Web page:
(I am copying this post from the Aunt Louise blog to keep the continuity of this thread of thoughts on the Book of Mormon and how it can and cannot be proven or disproven.)
In my first post about science and the Book of Mormon, I wrote that the Book of Mormon cannot be "proven" by scientific methods "... because that is not how scripture is 'proven' or 'disproven.'" I added a link to a short article by LDS writer and scholar Daniel C. Peterson arguing that in fact so-called scientific methods are not how most ancient documents have been proven. He gives the example of the discovery of the ancient city of Troy by Heinrich Schliemann, who did not in any way use the objective, peer-reviewed, scientific model of scholarship.
Then, responding to a comment from Jeff, who noted, "A scientific 'proof'' over-rates what science can actually do--and totally misses the point," I wrote:
"What will it take for the world of scientists and historians and linguists to accept the Book of Mormon? Who cares? Who cares if scholars accept the Book of Mormon on their terms? It doesn't ask to be accepted on those terms. It exists for humble seekers of truth to read it, pray about it, and respond to the witness they receive."
Since writing that, I've been following some scholarly arguments about how we can "prove" the existence of ancient cultures and civilizations; these show, again, why it is a waste of time --- and counter-productive in every way --- to attempt to "prove" the truthfulness of the Book of Mormon through ancient texts or archaeological finds.
And I'm very disappointed to have write this, having heard and read many accounts of Mesoamerican archaeological sites where supposed baptismal fonts were found and reading more recently about some LDS travelers who found the three consonants "NHM" written on an altar in Yemen, supposedly corresponding to the place identified by Nephi as Nahom. Because here's the thing, or, I should say, here are several things:
1. Nay-sayers will always, and I mean always, have a response to every one of these finds. For example, an anti-Mormon "outreach" group has come up with a number of objections to the idea that the three consonants on that altar in Yemen mean the same as the word "Nahom." (As a student of Arabic, I must say their arguments are wrong; as a student of the Book of Mormon, I must say their arguments are misguided; and as a student of human nature, I must say their arguments reveal a singular snarkiness that undermines everything else they could possibly write.)
These people say, "Let us not forget that the LDS Church has provided no historical or archaeological evidence that Nephi or any of the unique characters mentioned in the Book of Mormon actually lived."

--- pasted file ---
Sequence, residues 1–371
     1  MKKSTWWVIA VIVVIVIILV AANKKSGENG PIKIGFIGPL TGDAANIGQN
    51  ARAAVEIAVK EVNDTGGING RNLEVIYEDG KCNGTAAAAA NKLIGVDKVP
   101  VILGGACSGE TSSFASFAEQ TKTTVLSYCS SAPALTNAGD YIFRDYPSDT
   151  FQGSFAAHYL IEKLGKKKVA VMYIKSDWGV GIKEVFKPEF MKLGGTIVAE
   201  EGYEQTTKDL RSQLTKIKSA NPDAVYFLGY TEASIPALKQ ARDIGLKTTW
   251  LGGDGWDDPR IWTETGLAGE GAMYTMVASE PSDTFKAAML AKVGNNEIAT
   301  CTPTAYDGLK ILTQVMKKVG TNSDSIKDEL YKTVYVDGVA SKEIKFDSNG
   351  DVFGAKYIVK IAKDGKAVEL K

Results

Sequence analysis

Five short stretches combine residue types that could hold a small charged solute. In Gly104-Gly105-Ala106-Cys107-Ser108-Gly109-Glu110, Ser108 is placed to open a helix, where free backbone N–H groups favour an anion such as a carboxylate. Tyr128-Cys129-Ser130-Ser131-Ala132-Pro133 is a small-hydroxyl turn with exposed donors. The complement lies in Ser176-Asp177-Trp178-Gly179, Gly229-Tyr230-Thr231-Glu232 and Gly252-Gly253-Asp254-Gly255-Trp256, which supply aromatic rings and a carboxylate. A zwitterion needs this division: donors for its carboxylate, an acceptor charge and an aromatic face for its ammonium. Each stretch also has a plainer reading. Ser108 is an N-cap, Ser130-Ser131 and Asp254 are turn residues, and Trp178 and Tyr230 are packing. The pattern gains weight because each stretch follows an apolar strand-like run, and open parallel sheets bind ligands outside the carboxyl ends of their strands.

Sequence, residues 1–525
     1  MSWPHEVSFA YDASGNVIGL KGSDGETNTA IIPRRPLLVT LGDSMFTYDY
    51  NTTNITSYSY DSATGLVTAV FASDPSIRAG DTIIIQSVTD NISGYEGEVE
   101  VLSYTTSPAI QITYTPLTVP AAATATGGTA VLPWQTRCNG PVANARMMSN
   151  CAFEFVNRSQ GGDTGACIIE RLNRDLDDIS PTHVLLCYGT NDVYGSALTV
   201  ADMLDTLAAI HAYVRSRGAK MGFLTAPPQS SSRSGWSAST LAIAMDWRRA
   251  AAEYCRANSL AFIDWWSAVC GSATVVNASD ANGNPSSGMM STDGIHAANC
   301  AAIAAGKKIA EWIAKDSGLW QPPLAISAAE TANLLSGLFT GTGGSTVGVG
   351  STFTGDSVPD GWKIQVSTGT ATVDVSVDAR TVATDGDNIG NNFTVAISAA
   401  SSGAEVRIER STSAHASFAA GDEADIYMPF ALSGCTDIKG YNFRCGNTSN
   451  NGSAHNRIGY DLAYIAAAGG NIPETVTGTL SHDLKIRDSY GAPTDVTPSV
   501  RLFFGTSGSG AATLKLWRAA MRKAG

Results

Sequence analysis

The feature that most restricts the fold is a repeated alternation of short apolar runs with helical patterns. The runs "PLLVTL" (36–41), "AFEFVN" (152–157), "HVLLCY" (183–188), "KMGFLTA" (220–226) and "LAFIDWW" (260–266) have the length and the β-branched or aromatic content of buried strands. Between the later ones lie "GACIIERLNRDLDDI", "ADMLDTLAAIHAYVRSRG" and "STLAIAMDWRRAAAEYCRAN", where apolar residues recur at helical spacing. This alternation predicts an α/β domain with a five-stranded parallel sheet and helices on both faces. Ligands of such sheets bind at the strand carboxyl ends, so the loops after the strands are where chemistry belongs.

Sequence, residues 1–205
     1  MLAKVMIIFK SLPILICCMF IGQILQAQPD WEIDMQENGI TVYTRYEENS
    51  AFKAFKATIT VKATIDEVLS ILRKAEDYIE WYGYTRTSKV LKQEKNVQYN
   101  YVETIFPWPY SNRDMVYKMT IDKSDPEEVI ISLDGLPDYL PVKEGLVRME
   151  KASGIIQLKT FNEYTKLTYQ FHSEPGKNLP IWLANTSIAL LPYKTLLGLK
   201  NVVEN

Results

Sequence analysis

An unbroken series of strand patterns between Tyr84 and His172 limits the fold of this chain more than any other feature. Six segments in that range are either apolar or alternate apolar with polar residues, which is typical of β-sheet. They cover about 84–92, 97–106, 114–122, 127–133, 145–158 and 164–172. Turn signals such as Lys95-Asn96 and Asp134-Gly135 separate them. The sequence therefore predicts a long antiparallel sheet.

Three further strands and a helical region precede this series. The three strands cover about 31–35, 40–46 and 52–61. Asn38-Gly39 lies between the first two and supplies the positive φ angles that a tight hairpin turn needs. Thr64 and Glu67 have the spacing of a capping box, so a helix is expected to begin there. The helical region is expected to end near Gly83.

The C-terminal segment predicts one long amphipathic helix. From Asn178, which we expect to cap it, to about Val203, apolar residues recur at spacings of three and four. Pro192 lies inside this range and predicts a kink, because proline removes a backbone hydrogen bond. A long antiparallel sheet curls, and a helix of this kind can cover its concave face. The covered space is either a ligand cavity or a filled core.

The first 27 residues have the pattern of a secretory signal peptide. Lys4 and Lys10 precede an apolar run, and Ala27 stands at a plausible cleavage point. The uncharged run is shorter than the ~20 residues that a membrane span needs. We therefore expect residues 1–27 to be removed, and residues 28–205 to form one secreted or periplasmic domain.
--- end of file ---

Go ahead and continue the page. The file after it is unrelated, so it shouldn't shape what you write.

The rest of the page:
2. To that point, I say, let us not forget that, indeed. Let us not forget, either, that nobody has every provided any historical or archaeological evidence that the Council of Nicaea actually happened in the time and place we have all accepted for hundreds of years it supposedly happened. As LDS writer John Gee notes:
"From historical sources we know that Nicaea was near Constantine's summer residence. We have no archaeological evidence that he was ever there or ever paid any attention to the place. The lack of archaeological evidence does not prove Constantine was never there. On the other hand archaeological evidence tells us that the theater seated 15,000. I know of no historical evidence that provides us that information. The lack of historical evidence does not mean there was no theater."John Gee also cites the difficulty of reconciling archaeological with historical evidence about the dynamic succession at Masuwari, concluding, "So we can only work with inadequate evidence." He concludes:
"Sometimes historical and archaeological evidence overlap. Sometimes they conflict. Most of the time they do neither. Each provides its own sort of evidence. One cannot just expect the two types of evidence to corroborate each other. Much of the material in the Bible, for example, is not and cannot be corroborated archaeologically. There are points at which the archaeological record does corroborate the Bible. But archaeology does not necessarily corroborate every point one might like."3. Other LDS scholars have noted the fact that the Nephite civilizations of the Book of Mormon were so small that they were unlikely to have left behind large mounds or even small artifacts for us to find.
I note that the book itself recounts huge disruptions in the geography (See 3 Nephi 8, for example), so I don't get it when people speculate about where the geographical locations mentioned in the Book of Mormon might be. See for example this Wikipedia article which I have only skimmed through because I don't really care what anyone else thinks about whatever relationships there may be found between, for instance, Lake Ontario and the Waters of Ripliancum.
4. Again, I repeat what I wrote from the beginning: It doesn't matter whether archaeological or historical evidence is found that supports the authenticity of the Book of Mormon. If anything like that ever happens, it will be just another ancient record. People will be able to read it like they do the Dead Sea Scrolls, and marvel at the way the people lived back then, the struggles they had, the rules they made for their cultures, and so on.
The Book of Mormon is a divine record of God's dealings with His people, and it can best be appreciated through praying for a testimony of its truthfulness and its application to our lives now.
Because, as another testimony of Jesus Christ, its purpose is not to provide the world with yet another ancient record; its purpose, as the authors of the various books it contains keep reminding us, is to bring us to Christ.